Should I Care About Organic Cotton
Posted on September 17 2018
The Dirty Truth About Cotton
I’m sure you’re not surprised to learn that cotton is the most popular fabric in the world, making up 50% of the world’s fiber consumption and almost definitely a space in your closet. So what’s the story behind our cheap cotton tees? Is organic cotton really worth the investment?
The short answer is yes, organic cotton really is that much better.
The Dirtiest Crop on Earth
In an effort to keep up with the demand for this wildly popular crop, farmers use hazardous amounts of synthetic fertilizers and toxic chemicals to make the cotton grow faster. Annually, conventional cotton production accounts for 16% of global insecticide use and uses $2 billion of pesticides each year, compared to it’s mere 2.5% global land share, more than any other single major crop. This quarter pound of chemicals dedicated to each tee-shirt, has earned cotton’s title as dirtiest crop in the world.
Pesticides are a major global killer; in 2017 the UN estimated that pesticides kill 200,000 people a year. They contaminate the soil we grow our crops in, the air we breathe and the water we drink.
About 220 million tonnes of greenhouse gas emissions are released into our atmosphere each year due to the global consumption of cotton. Conventional cotton farming requires more than 10,000 liters of water to produce a single pair of jeans. Ten thousand liters when in stark contrast we see 1 in 9 people without access to safe water.
Someone is Paying the Price
It is estimated that 100 million households are engaged in growing and producing cotton and 300 million individuals work in other parts of the cotton industry, mostly in developing countries. They usually work in extreme conditions for long hours, constantly exposed to dangerous amounts of insecticides and pesticides. Farmers either earn very low wages or are struggling with unsustainable debts because they are unable to keep up with employer demands.
Some of the challenges that these workers face are climate change, which has been causing unpredictable weather patterns and access to water for many years, and artificially low prices, generated by government subsidies for cotton farmers in rich countries like the U.S, that small-scale farmers cannot compete with.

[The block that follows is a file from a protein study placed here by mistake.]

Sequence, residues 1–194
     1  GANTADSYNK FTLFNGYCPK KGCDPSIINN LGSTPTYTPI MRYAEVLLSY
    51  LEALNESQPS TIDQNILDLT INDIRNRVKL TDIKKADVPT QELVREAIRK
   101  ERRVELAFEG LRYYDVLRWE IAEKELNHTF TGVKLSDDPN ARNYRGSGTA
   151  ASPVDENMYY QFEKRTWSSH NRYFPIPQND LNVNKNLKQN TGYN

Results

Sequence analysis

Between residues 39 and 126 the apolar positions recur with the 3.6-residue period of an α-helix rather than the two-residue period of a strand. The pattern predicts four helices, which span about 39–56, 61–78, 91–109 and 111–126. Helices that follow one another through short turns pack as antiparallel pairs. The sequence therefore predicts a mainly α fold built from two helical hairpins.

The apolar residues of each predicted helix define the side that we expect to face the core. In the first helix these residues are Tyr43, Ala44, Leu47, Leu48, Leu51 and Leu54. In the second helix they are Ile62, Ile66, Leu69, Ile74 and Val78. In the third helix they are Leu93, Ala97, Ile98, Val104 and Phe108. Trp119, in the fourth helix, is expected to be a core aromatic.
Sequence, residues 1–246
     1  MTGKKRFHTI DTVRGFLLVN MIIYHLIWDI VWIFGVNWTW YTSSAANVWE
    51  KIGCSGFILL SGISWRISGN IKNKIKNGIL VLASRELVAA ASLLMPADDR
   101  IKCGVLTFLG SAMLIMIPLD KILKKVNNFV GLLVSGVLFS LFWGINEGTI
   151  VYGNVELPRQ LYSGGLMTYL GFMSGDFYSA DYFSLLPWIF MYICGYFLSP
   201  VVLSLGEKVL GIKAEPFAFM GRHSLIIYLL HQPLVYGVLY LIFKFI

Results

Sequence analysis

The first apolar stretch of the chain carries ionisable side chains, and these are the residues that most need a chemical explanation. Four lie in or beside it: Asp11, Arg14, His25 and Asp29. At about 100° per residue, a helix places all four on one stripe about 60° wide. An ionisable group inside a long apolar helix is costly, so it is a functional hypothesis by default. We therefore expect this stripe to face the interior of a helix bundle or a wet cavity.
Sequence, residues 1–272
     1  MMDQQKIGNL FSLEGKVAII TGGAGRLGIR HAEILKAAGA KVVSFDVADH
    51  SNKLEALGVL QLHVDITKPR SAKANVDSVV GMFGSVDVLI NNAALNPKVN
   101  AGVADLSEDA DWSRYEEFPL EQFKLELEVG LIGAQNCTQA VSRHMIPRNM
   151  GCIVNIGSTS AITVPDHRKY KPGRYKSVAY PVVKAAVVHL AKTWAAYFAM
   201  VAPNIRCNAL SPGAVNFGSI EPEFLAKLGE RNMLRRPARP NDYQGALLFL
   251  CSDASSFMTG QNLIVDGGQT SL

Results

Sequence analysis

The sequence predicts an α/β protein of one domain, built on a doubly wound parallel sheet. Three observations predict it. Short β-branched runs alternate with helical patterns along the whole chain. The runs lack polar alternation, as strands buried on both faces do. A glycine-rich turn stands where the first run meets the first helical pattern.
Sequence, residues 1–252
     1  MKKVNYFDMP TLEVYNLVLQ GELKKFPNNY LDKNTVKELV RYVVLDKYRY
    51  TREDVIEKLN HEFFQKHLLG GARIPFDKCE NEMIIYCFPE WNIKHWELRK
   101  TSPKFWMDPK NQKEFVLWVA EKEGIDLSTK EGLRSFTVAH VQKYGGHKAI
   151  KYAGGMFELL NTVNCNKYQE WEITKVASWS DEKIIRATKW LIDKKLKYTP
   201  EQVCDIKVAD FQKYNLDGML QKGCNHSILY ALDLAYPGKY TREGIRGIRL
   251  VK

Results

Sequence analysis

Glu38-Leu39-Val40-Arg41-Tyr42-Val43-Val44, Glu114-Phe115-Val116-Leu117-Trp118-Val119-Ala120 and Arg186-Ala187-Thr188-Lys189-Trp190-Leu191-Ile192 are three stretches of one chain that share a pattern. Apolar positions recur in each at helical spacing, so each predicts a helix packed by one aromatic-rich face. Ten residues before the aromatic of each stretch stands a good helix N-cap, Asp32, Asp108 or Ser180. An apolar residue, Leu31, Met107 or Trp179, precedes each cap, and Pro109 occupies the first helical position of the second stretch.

Hopelessness has hit so low in regions particularly reliant on cotton crops that suicide rates are high among the farmers. In 2013 alone, 11,772 farmers in India committed suicide. That’s 44 people a day. We know that the cost our cotton clothes is much more than the cheap price tag, so the question is what can we do with that awareness?
Organic Cotton as an Alternative
Although the cotton situation looks grim, organic cotton is a safe, sustainable alternative. Organic cotton farming produces 45% less CO2e compared to conventional cotton. About 70% of the greenhouse gas emissions accounted for by conventional cotton are on the consumer end, from manufacturing to transporting, or simply how you wash your clothing.
So while organic cotton is a great alternative, if you already have conventional cotton at home, a simple way to reduce your personal footprint is to opt for cold water when washing your clothes. While certain clothes require warm or hot water, many can be cleaned just as well in cold water which also saves energy and marks one step closer to a healthy planet.
Aside from being a more sustainable option for the environment, organic cotton farming doesn’t require toxic pesticides and insecticides, producing a safer, cleaner fabric for your body. Organic agriculture has more regulations in place to protect farmers and fair trading. By supporting organic cotton brands, you are helping to protect the health of people and our planet.